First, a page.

HDR is increasingly expanding into the consumer field. While there are several options out for pros, the new trend is to make things easy and accessible. Unified Color has already proven with HDR Expose and 32 Float that they're on the frontier of quality HDR editing. But for a quickie edit that's often overkill and takes too much time. Instead of scaling back the pro features, Unified Color rather diversifies their product palette.

HDR Express reduces the complexity to only few sliders. I was skeptical, of course, but after a hands-on session it turns out this is actually great.
  • it's lightning fast
  • very intuitive
  • has visual presets
  • slider names and their effects feel familiar right away
  • always-on halo reduction
  • really really really fast. really.
  • full size processing all the time, WYSIWYG with no surprises afterwards

Highslide JS

The controls behave like common Lightroom adjustments, except with much more room to play.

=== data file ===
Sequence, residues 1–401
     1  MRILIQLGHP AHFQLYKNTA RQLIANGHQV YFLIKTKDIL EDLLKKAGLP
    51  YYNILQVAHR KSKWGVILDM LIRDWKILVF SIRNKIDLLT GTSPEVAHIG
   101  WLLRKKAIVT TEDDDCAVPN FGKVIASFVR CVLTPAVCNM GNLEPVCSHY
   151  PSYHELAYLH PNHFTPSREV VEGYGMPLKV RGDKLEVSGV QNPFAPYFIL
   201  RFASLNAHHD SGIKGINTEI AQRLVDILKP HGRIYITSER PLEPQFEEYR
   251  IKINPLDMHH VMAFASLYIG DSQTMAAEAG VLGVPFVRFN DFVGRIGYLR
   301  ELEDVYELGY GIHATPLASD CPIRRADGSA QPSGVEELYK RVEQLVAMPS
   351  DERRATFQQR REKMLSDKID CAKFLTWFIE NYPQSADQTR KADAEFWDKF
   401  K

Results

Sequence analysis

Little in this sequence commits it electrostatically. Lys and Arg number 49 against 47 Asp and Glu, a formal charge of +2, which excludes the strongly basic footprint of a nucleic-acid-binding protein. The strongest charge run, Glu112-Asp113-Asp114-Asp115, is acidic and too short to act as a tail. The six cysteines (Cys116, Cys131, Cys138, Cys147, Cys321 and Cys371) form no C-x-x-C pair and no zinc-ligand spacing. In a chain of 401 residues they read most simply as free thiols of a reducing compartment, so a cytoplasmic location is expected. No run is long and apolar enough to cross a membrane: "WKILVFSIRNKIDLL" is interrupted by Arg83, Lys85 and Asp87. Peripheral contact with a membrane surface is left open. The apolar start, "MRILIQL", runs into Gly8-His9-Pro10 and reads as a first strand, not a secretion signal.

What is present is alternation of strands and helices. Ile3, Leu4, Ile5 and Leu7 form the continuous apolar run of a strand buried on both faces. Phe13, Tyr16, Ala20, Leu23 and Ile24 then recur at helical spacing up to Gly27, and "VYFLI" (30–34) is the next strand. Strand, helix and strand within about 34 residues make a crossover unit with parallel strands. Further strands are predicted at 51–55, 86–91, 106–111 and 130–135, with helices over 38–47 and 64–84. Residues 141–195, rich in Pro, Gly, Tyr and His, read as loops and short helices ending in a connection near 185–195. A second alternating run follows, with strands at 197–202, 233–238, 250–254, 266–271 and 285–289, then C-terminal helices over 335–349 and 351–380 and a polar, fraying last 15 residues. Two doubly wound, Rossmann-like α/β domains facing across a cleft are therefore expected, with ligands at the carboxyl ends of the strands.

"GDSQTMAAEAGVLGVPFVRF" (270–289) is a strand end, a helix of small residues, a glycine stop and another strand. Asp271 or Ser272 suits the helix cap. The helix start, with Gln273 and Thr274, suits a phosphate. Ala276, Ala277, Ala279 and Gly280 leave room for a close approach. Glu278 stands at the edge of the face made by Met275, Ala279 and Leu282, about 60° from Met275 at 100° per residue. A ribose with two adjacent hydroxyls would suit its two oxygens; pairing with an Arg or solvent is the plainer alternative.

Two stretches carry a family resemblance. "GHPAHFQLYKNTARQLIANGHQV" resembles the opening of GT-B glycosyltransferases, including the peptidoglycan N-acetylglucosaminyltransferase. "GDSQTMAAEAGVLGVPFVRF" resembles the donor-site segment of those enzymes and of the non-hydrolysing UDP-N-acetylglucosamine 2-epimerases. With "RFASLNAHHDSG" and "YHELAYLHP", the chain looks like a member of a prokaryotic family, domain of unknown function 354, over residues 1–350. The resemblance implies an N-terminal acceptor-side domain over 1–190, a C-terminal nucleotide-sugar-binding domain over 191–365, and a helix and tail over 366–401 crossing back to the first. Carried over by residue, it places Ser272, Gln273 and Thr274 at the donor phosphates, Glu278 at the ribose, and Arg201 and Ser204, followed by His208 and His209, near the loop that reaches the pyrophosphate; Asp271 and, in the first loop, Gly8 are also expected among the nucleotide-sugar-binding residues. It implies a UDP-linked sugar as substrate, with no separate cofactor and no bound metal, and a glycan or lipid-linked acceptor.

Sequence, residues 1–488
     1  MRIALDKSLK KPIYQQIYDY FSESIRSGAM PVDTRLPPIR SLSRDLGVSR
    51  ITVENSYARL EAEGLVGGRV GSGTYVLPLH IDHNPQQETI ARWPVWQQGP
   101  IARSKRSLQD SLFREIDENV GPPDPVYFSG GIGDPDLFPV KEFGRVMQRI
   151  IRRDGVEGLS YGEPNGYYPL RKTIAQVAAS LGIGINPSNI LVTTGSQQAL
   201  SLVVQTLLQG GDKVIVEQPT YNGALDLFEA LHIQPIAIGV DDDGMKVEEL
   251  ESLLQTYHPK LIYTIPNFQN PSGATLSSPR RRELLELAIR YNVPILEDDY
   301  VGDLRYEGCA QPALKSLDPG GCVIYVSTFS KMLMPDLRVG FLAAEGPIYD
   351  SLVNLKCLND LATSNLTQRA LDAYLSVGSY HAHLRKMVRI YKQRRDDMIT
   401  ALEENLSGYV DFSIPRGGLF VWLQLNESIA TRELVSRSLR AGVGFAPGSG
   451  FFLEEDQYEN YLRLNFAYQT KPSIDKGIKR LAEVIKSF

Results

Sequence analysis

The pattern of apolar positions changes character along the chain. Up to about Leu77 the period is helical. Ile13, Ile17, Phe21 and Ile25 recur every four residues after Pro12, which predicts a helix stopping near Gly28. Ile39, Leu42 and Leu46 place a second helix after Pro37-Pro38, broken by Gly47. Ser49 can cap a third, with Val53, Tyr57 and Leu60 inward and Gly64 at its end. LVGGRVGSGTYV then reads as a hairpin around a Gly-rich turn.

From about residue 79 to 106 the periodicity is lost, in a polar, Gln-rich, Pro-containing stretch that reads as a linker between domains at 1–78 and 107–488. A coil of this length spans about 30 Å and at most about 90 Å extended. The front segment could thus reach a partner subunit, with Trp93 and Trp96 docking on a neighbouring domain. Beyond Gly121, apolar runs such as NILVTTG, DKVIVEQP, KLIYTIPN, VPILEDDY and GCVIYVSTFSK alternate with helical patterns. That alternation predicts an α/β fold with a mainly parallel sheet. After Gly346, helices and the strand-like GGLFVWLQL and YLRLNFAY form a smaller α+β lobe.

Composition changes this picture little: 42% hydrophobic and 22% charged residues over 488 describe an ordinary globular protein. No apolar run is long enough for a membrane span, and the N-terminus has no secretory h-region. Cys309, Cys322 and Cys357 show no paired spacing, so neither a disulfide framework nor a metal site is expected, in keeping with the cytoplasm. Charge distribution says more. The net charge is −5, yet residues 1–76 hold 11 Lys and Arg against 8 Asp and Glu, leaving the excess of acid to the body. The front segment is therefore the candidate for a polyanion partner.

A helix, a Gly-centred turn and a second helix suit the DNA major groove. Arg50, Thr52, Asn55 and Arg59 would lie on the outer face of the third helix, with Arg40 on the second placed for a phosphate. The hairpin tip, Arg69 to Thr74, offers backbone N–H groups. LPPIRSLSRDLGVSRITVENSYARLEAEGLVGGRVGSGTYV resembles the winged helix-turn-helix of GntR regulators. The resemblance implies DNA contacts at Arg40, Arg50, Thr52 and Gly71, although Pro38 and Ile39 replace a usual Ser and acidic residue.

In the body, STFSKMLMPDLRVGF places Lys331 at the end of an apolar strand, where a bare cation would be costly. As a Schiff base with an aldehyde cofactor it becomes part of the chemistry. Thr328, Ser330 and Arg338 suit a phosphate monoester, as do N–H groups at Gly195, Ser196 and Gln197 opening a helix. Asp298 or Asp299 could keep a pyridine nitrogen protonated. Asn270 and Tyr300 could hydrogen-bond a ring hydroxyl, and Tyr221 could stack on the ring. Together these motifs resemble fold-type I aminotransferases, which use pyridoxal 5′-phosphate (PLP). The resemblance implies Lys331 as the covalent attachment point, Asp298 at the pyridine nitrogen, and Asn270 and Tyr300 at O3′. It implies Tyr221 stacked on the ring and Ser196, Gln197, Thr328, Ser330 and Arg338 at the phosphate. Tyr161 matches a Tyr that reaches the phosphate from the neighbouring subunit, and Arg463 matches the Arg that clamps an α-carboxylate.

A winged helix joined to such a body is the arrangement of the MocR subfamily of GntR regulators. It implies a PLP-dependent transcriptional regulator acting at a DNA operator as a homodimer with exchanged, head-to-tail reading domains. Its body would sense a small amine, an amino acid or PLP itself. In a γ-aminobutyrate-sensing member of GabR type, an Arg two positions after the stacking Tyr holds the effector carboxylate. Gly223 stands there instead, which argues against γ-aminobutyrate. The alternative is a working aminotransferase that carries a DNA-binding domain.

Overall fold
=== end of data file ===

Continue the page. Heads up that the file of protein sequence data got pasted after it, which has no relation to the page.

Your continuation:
• Brightness = LR Exposure
  • Highlight = LR Recovery
  • Shadows = LR Fill Light
  • Contrast = LR Clarity mixed with a Local Contrast boost (this is my favorite slider, actually)
  • Black Point, Saturation and White Balance are exactly what you expect.

HDR Express is a great addition to the arsenal when Fast&Easy is your thing. Do I miss all the advanced stuff like targeted color tweaks, sharpening and veiling glare removal? Sure, for my hero shots I do. But when I have 30 HDR images on my plate to be delivered tomorrow, HDR Express will get the job done with minimum compromises on quality.

Did I mention that it's fast? Part of the new speedy processing core will eventually make it into HDR Expose, which would be highly appreciated.

It will be available in December for $85, or for current customers $50. If you're in New York you can get a demo at PhotoPlus Expo Booth #673. The rest of us can read the Press Release and the new product page.

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Dolby launches Professional Reference Monitor

Yesterday I had a chance to witness the launch event of Dolby's new Professional Reference Monitor PRM-4200 at the W Hotel Hollywood. That's right, Dolby makes monitors now. It's 100% manufactured by Dolby themselves, and they take pride in that.